ERIC Number: ED197260
Record Type: RIE
Publication Date: 1980-Sep-3
Reference Count: 0
Expanding Girls' Occupational Potential: A Case Study of the Implementation of Title IX's Anti-Sex Segregation Provision in Seventh Grade Practical Arts.
Title IX has significant implications for overcoming generations of inequality in the educational opportunities that have been afforded to females. The sex-desegregation of industrial arts and home economics was examined to measure the impact of Title IX on the occupational potential of seventh-grade girls and boys. In the experimental condition, 60 girls and 80 boys in one school were required to take six coed modular units: metal, wood/drafting, electric, graphic arts, cooking and sewing. In the comparison condition, the girls (N=56) took a semester of cooking and a semester of sewing, while the boys (N=63) took a four-quarter sequence of shops. While experimental girls felt more competent than comparison girls in traditionally male domains and perceived fewer differences between men and women at the beginning and end of the year, the differences between the experimental and comparison girls' scores at the end of the year could be almost entirely accounted for in test results at the beginning of the year. Teachers interacted more with boys than with girls in the coed modules and manifested sex-role stereotyped attitudes. Parents' occupational expectations were strongly based in sex-role stereotyping and were strongly associated with their children's own assessments. Thus, sex-desegregation is a necessary but not sufficient condition for promoting girls' occupational potential. Sex-stereotyped expectations on the part of students, parents, and teachers all need to be dealt with to overcome the cultural forces that continue to place limits on women's occupational attainment. (Author)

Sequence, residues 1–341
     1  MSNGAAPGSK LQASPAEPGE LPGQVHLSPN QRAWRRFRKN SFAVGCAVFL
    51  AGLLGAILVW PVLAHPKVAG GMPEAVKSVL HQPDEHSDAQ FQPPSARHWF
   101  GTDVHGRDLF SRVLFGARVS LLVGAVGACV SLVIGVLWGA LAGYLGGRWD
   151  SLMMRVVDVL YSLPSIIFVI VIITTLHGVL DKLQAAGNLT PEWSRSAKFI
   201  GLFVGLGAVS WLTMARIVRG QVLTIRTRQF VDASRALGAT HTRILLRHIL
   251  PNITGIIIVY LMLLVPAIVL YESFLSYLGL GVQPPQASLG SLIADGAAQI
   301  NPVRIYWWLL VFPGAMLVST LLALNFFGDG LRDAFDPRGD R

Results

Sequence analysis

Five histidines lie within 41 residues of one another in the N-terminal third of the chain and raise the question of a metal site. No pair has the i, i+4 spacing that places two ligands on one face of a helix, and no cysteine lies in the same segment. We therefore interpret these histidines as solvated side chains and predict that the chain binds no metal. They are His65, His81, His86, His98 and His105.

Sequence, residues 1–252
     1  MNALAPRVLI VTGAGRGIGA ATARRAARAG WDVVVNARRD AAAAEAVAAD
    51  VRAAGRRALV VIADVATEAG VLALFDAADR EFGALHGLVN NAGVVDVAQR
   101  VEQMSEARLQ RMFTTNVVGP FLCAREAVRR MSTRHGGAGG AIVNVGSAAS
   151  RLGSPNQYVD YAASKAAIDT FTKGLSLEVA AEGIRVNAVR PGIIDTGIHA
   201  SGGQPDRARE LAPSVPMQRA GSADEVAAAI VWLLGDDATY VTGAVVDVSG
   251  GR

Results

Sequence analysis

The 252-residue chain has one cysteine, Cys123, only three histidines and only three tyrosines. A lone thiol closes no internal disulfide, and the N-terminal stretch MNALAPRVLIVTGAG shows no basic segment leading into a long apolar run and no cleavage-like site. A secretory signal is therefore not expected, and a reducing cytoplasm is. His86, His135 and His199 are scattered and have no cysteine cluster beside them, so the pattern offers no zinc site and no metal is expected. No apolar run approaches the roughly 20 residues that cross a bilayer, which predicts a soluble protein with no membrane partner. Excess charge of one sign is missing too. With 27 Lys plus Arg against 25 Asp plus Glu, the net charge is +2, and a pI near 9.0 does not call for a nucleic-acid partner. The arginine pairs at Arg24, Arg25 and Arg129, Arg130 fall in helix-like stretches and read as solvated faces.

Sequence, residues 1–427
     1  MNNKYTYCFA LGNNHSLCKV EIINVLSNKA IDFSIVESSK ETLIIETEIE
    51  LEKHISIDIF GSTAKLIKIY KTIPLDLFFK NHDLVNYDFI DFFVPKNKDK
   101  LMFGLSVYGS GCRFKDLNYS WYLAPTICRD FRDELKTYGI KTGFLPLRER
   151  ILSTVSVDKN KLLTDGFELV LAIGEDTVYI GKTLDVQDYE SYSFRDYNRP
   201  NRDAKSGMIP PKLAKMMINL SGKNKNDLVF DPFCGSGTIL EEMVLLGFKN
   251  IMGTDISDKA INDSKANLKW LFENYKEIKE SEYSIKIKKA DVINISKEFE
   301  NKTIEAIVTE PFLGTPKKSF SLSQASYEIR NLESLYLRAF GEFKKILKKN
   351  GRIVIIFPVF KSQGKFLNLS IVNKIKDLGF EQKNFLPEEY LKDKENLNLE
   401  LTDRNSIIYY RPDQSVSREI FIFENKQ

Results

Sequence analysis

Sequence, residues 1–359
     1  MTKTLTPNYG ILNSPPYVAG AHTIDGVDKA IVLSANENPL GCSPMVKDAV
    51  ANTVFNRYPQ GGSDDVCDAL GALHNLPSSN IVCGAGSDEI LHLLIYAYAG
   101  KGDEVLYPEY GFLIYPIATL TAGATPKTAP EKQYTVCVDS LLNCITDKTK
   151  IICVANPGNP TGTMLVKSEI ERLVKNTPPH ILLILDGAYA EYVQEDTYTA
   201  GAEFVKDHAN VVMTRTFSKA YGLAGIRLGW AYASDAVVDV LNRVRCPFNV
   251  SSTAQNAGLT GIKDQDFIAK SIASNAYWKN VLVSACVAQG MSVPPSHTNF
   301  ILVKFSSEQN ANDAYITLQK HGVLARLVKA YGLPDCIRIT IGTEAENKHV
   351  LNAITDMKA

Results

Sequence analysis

Publication Type: Reports - Research; Speeches/Meeting Papers
Education Level: N/A
Authoring Institution: N/A
Identifiers: Title IX Education Amendments 1972
Note: Paper presented at the Annual Convention of the American Psychological Association (88th, Montreal, Quebec, Canada, September 1-5, 1980). Best copy available.